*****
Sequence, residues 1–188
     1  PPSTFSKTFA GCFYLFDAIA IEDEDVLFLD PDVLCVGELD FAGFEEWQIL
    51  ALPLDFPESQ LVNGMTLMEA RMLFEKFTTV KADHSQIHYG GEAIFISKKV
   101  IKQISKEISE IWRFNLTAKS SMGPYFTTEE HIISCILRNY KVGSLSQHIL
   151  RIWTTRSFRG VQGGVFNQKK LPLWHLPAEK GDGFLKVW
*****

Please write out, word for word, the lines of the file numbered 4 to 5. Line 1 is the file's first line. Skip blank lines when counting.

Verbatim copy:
   101  IKQISKEISE IWRFNLTAKS SMGPYFTTEE HIISCILRNY KVGSLSQHIL
   151  RIWTTRSFRG VQGGVFNQKK LPLWHLPAEK GDGFLKVW